dotnet-host                   x86_64  7.0.5-1.fc38               updates      296.2 KiB
 dotnet-hostfxr-6.0            x86_64  6.0.16-1.fc38              updates      381.7 KiB
 dotnet-runtime-6.0            x86_64  6.0.16-1.fc38              updates       65.0 MiB
 libXau-devel                  x86_64  1.0.11-2.fc38              fedora         6.4 KiB
 libXext-devel                 x86_64  1.3.5-2.fc38               fedora        98.8 KiB
 libXrender-devel              x86_64  0.9.11-2.fc38              fedora        50.1 KiB
 libevdev-devel                x86_64  1.13.1-1.fc38              updates       95.6 KiB
 libxcb-devel                  x86_64  1.13.1-11.fc38             fedora         2.6 MiB
 xorg-x11-proto-devel          noarch  2022.2-3.fc38              fedora         1.7 MiB
Installing weak dependencies:
 libX11-devel                  x86_64  1.8.4-1.fc38               fedora         1.0 MiB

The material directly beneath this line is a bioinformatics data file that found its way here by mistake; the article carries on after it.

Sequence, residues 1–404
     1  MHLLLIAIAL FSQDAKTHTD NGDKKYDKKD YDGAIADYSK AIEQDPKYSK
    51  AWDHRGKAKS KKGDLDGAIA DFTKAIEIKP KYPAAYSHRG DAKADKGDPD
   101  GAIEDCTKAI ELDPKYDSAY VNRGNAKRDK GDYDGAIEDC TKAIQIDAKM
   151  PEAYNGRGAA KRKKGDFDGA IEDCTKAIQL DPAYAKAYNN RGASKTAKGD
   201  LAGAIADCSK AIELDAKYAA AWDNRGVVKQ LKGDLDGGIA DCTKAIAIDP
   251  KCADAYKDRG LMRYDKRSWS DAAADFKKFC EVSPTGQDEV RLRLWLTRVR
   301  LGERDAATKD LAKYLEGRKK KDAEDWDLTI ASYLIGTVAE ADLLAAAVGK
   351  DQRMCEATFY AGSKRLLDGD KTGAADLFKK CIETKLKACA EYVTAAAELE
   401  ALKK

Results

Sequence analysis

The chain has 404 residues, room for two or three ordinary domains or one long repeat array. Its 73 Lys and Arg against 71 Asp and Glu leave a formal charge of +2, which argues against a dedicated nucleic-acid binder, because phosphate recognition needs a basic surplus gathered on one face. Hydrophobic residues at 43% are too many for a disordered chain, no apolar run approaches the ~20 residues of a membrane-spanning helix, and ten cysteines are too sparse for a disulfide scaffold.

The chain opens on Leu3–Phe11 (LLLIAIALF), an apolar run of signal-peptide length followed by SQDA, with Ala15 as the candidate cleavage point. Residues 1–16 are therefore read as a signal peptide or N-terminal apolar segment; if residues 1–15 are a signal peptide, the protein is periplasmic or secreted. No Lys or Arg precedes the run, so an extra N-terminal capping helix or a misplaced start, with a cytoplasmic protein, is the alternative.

libXrandr-devel               x86_64  1.5.2-10.fc38              fedora        21.9 KiB

Looks like there’re some issues related to Gaomon S620. I didn’t check them all, but #2768 might have the solution.

I don’t use this software, so I can only guess. The dotnet dependencies look correct. The *-devel packages are typically build deps (used to compile software), but some software might use them at runtime. Regardless, they’re harmless to install and negligible in size.

The upstream packaging situation seems quite troublesome[1], so I don’t want to get involved. You could ask upstream (or the person that made the alternative package) if you have concerns about the deps.

  1. Aside from the organisational issues, their build system is backwards: using custom build scripts to compile the software first then run the spec file, instead of using the spec file to run their build scripts. ↩︎


I’ve seen the Github thread and reported my issue there but the driver still doesn’t work.

That’s just my amateur presumption but maybe it’s Wayland that isn’t compatible.

Regarding dependencies, I had to install additional Microsoft package of a specific version to run a script and it brought along another 10 or so dependencies. The total number must be is around 30 for a small driver.